Mustard is a spreadable condiment whose taste can be anywhere from mild and subtle, to tart, to nasal-clearing hot. The colour of the condiment will range from pale yellow to bright yellow to brown. It is made from mustard seed.
Mustard seed refers to the seed of the plant which can be bought whole, ground into a powder, or already made into the prepared mustard.
Dry mustard is ground mustard seed; you will also see it referred to as mustard powder, ground mustard, and occasionally, mustard flour. At home, you won’t be able to grind mustard seeds to as fine a powder as can be done commercially with special mills. For better results than you would get otherwise, soak the seeds first in water before grinding them in a grinder or food processor.
Mustard greens refer to the leaves of the plant, which are also edible as greens.
“Breaking open mustard seeds releases the enzyme myrosinase, which converts sinigrin into allyl isothiocyanate – this is responsible for the pungent taste of mustard & protects the plant against herbivores.” Parsons, Andy. Introduction. In: Exploring Everyday Chemistry. University of York. Online course. Step 1.3. Accessed November 2021 https://www.futurelearn.com/courses/everyday-chemistry/6/steps/1118280
See also: Mustard Day
The condiment made from mustard seed is referred to technically as “prepared mustard” to help distinguish it from other parts of the mustard plant, such as the seed (either whole or powdered) or the leaves.
In making prepared mustard, you first crush the seed into a powder. The powder can be sieved to remove the hulls to make a fine, smooth mustard, or the hulls can be left in if a coarse mustard is being made. The taste of mustard is only really released when it is mixed with cold water. When moistened, two compounds in mustard powder (myrosin and sinigrin) are combined to form mustard oil. You let this flavour develop for about 10 to 15 minutes. At that point, you add a bit of vinegar which acts as a “fixative” to stabilize taste when it has reached the right amount of “heat.” The acidity does this by stopping the enzyme reaction that is occurring. Cold water should be used, not hot, as hot water makes it bitter and dulls the pungency. When making mustard, don’t use anything aluminum as the metal will interact with the mustard and give a bad taste.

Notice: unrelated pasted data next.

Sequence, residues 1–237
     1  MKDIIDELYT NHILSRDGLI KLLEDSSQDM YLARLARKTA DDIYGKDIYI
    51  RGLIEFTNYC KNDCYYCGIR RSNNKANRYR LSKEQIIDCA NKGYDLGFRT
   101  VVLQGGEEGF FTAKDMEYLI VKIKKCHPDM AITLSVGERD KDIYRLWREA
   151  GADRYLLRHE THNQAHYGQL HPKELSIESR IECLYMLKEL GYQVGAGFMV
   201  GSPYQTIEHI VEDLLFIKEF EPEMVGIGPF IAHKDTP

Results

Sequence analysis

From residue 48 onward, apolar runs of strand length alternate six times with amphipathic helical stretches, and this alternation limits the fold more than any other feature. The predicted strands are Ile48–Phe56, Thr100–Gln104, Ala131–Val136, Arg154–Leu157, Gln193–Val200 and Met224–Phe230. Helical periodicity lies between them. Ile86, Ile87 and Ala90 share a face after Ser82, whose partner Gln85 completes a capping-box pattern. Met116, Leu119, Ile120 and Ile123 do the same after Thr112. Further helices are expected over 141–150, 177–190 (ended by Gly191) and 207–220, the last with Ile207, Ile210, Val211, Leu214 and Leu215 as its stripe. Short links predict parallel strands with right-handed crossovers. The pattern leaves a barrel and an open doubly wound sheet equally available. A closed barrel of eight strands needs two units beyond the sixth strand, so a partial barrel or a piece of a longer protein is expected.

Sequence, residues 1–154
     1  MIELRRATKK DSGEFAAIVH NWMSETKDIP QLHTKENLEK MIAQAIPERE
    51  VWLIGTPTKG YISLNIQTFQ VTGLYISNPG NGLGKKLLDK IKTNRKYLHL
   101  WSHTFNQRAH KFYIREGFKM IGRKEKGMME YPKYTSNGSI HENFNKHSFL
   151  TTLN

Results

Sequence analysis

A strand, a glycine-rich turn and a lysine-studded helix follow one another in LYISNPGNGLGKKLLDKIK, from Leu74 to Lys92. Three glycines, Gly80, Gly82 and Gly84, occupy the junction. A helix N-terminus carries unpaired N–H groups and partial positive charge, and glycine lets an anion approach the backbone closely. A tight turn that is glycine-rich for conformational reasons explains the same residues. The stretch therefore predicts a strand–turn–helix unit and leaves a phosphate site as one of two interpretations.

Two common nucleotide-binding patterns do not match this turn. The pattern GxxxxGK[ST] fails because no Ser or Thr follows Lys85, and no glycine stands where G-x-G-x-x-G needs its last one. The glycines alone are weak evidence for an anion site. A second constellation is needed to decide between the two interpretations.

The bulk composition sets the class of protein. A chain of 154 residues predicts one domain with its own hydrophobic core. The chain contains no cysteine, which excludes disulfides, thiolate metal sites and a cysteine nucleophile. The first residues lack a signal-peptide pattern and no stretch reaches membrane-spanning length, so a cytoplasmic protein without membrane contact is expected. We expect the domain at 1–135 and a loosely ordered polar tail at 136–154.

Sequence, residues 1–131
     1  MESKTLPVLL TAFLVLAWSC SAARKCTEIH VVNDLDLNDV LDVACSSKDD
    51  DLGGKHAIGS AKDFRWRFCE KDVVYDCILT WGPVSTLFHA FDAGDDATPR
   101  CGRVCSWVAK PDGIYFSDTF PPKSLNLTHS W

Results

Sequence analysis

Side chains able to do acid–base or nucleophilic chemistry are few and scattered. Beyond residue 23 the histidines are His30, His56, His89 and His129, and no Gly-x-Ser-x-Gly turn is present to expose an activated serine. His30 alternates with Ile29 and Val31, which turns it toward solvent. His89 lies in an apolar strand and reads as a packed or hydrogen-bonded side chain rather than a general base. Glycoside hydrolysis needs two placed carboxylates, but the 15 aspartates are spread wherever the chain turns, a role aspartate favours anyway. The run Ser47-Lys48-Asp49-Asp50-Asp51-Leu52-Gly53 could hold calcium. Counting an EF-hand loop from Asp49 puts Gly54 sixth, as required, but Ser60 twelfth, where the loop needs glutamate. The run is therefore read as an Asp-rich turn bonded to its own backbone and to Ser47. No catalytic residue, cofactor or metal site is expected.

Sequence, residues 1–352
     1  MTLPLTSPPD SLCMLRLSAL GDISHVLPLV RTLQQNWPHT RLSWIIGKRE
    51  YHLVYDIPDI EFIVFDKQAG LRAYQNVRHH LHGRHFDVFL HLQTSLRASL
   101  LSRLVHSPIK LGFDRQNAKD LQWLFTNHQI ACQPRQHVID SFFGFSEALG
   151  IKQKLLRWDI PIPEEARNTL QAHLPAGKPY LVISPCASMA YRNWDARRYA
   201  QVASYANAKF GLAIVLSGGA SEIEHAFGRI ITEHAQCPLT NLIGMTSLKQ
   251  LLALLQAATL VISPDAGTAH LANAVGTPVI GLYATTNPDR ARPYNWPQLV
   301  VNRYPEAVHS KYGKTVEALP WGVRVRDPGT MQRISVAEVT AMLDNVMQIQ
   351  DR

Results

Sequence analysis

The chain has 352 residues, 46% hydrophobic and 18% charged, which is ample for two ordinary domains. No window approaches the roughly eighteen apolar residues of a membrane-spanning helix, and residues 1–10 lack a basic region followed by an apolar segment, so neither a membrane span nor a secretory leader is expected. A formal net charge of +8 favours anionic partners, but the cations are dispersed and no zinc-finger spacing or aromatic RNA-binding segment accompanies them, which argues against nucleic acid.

Most people prefer cooking with French prepared mustards as opposed to, say, American or English prepared mustards, as American mustards and English mustards are either very tart or really pack a wallop, whereas French mustards are more subtle.
Turmeric is often added to prepared mustard to augment the yellow colour.
Instead of buying many jars of differently-flavoured prepared mustard, you may wish to consider buying one or two plain jars, and to small amounts of it add the flavouring yourself — such as honey, etc — as you need it.
Mustard in sauces acts as an emulsifier. If you are adding mustard to sauces, do so almost at the end of cooking as cooking heat will reduce the flavour of the mustard.